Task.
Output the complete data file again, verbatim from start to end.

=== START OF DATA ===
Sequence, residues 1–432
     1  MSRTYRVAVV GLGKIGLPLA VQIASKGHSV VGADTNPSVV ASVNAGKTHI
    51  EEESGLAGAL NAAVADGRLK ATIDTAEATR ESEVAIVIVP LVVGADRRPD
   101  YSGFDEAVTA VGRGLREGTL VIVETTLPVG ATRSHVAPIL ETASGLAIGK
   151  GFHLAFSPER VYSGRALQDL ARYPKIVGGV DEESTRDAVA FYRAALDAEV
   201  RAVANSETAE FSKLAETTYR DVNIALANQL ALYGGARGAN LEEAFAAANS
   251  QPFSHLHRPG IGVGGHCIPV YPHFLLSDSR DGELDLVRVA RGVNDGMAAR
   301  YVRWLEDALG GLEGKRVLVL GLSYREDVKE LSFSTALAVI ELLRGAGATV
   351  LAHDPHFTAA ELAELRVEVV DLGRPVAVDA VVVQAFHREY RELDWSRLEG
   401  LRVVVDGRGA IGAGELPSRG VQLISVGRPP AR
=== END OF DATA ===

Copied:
Sequence, residues 1–432
     1  MSRTYRVAVV GLGKIGLPLA VQIASKGHSV VGADTNPSVV ASVNAGKTHI
    51  EEESGLAGAL NAAVADGRLK ATIDTAEATR ESEVAIVIVP LVVGADRRPD
   101  YSGFDEAVTA VGRGLREGTL VIVETTLPVG ATRSHVAPIL ETASGLAIGK
   151  GFHLAFSPER VYSGRALQDL ARYPKIVGGV DEESTRDAVA FYRAALDAEV
   201  RAVANSETAE FSKLAETTYR DVNIALANQL ALYGGARGAN LEEAFAAANS
   251  QPFSHLHRPG IGVGGHCIPV YPHFLLSDSR DGELDLVRVA RGVNDGMAAR
   301  YVRWLEDALG GLEGKRVLVL GLSYREDVKE LSFSTALAVI ELLRGAGATV
   351  LAHDPHFTAA ELAELRVEVV DLGRPVAVDA VVVQAFHREY RELDWSRLEG
   401  LRVVVDGRGA IGAGELPSRG VQLISVGRPP AR